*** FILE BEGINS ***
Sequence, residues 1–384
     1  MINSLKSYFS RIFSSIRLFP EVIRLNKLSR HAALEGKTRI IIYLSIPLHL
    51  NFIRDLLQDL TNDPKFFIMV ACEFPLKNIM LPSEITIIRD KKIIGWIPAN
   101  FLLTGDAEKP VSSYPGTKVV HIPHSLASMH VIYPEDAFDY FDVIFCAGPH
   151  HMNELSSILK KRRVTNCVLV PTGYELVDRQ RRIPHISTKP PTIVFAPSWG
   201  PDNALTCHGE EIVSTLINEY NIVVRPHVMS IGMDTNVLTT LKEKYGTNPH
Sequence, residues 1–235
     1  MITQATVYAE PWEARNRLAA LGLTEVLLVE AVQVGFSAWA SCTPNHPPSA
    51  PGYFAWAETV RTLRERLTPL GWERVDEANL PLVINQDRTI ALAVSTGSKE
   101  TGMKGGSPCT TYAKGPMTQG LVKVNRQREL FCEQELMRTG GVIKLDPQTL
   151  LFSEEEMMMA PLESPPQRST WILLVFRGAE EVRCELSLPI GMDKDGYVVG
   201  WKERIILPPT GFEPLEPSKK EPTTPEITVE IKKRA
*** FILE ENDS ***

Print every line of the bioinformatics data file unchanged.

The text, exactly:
Sequence, residues 1–384
     1  MINSLKSYFS RIFSSIRLFP EVIRLNKLSR HAALEGKTRI IIYLSIPLHL
    51  NFIRDLLQDL TNDPKFFIMV ACEFPLKNIM LPSEITIIRD KKIIGWIPAN
   101  FLLTGDAEKP VSSYPGTKVV HIPHSLASMH VIYPEDAFDY FDVIFCAGPH
   151  HMNELSSILK KRRVTNCVLV PTGYELVDRQ RRIPHISTKP PTIVFAPSWG
   201  PDNALTCHGE EIVSTLINEY NIVVRPHVMS IGMDTNVLTT LKEKYGTNPH
Sequence, residues 1–235
     1  MITQATVYAE PWEARNRLAA LGLTEVLLVE AVQVGFSAWA SCTPNHPPSA
    51  PGYFAWAETV RTLRERLTPL GWERVDEANL PLVINQDRTI ALAVSTGSKE
   101  TGMKGGSPCT TYAKGPMTQG LVKVNRQREL FCEQELMRTG GVIKLDPQTL
   151  LFSEEEMMMA PLESPPQRST WILLVFRGAE EVRCELSLPI GMDKDGYVVG
   201  WKERIILPPT GFEPLEPSKK EPTTPEITVE IKKRA